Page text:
Benefits and challenges in use of a standardized symptom assessment instrument in hospice.

Dena Schulman-Green, Emily J. Cherlin, Ruth McCorkle, Melissa D.A. Carlson, Karen Beckman Pace, Janet Neigh, Meliessa Hennessy, R. Johnson-Hurzeler, Elizabeth H. Bradley

Research output: Contribution to journalArticle

Abstract

BACKGROUND: Hospices are now mandated to perform routine quality assessment under the final Medicare Hospice Conditions of Participation, creating an opportunity to explore standardized approaches to monitoring hospice quality. OBJECTIVE: We report hospice staff experiences using a standardized symptom assessment instrument, the Edmonton Symptom Assessment System (ESAS), in a pilot study designed to develop and test quality measures on symptom management. Use of the ESAS illustrates the benefits and challenges arising with standardized symptom assessment for quality monitoring in hospice. METHODS: We interviewed 24 individuals representing 8 hospices involved with the National Association for Home Care & Hospice Quality Assessment Collaborative, which pilot tested the ESAS as a source of standardized data for quality assessment. Transcripts were analyzed using the constant comparative method. RESULTS: Participants reported benefits and challenges with the ESAS. Benefits were that the ESAS was a brief and easy tool that identified areas of concern, engaged patients in symptom assessment, and monitored symptom changes over time. Additionally, the ESAS was viewed as a useful teaching tool for less experienced staff. Challenges included lack of clarity about inclusion rules and frequency of assessments; difficulty interpreting the numeric symptom rating scale, difficulty incorporating patient preferences with symptoms, and a sense that the use of standard assessment instruments was "unnatural." DISCUSSION: Recommendations to promote effective use of ESAS data for quality monitoring of hospice care include standardizing implementation procedures, adding patients' preferences to the ESAS form, and staff education to enhance comfort with the instrument before implementation.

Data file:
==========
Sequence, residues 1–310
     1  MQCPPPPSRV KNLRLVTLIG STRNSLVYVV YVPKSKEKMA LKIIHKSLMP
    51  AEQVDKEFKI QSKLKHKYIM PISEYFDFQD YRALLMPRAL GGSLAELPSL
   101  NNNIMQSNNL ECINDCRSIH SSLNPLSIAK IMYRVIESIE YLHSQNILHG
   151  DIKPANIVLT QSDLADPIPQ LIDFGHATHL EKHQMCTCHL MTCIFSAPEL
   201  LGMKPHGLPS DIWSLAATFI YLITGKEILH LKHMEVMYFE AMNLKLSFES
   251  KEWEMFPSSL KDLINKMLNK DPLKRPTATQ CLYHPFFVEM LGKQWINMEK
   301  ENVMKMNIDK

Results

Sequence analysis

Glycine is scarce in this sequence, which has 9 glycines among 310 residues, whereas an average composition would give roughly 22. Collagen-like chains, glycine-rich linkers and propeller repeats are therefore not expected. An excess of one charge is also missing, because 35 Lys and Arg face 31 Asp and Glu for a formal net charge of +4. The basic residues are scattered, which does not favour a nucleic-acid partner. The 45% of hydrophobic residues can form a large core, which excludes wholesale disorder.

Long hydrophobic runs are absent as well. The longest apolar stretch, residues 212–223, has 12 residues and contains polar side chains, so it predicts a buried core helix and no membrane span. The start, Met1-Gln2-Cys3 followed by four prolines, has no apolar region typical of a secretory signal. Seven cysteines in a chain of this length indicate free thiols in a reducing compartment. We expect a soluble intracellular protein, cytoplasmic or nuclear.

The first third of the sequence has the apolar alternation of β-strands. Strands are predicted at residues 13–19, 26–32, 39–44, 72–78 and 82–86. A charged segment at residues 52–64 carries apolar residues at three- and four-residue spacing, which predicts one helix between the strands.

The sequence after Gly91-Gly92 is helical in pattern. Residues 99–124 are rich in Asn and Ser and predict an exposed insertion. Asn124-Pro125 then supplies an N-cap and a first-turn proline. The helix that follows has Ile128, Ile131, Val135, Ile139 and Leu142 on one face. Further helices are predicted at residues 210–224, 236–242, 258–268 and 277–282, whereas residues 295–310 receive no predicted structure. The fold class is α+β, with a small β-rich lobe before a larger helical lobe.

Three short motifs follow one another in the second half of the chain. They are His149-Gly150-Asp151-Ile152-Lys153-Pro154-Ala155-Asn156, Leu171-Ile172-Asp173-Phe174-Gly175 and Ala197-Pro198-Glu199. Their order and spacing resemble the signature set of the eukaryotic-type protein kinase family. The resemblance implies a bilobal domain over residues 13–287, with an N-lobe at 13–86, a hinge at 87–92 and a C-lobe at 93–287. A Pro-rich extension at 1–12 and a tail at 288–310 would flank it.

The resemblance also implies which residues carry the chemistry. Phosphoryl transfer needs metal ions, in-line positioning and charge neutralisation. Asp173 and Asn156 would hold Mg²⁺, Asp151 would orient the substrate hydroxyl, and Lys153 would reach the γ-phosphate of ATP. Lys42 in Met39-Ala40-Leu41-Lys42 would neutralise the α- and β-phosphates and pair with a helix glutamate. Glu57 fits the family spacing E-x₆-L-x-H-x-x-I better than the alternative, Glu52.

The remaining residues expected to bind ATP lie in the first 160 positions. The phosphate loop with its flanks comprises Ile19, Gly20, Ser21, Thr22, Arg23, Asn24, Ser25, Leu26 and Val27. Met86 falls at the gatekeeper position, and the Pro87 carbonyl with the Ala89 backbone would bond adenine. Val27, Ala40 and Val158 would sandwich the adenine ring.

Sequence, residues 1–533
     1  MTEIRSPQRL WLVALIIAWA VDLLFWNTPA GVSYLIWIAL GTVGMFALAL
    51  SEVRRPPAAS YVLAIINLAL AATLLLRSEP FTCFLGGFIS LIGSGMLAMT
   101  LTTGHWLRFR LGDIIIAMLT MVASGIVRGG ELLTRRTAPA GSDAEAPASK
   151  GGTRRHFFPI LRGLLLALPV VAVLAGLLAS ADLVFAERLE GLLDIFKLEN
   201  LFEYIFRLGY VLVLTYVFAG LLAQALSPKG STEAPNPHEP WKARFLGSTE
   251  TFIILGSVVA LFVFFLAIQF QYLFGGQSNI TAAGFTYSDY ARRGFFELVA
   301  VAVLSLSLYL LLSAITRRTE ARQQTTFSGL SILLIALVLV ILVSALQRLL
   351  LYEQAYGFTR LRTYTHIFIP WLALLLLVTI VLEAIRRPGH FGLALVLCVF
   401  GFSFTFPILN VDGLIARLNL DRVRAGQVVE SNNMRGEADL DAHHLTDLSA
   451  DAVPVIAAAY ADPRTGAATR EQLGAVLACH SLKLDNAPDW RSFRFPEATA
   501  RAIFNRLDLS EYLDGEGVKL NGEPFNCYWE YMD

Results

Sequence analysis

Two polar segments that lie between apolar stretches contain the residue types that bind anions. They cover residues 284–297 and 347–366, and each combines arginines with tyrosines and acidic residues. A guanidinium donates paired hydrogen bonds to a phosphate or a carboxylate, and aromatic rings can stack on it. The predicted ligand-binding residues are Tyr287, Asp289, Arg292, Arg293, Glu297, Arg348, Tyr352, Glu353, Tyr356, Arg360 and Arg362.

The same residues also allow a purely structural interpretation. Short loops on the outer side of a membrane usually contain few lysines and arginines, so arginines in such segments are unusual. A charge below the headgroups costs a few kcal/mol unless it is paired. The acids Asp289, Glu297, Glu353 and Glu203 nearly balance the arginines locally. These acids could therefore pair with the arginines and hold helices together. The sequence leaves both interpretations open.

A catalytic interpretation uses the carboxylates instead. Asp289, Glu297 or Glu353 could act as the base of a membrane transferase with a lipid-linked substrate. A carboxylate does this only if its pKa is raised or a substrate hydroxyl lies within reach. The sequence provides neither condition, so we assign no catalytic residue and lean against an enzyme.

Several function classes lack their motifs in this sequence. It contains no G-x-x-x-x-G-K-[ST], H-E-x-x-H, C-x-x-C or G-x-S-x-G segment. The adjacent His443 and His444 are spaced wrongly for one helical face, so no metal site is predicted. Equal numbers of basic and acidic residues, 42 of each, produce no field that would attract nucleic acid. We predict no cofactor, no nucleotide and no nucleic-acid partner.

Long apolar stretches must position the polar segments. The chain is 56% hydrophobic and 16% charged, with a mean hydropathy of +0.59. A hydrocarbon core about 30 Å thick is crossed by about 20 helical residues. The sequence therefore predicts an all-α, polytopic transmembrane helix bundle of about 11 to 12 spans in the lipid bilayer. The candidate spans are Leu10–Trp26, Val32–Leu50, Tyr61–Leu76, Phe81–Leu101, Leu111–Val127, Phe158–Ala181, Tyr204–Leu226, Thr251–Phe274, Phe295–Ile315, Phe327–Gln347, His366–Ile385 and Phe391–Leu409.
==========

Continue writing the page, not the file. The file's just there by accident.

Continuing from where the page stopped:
Original languageEnglish (US)
Pages (from-to)155-159
Number of pages5
JournalJournal of palliative medicine
Volume13
Issue number2
DOIs
StatePublished - Feb 2010

ASJC Scopus subject areas

  • Nursing(all)
  • Anesthesiology and Pain Medicine

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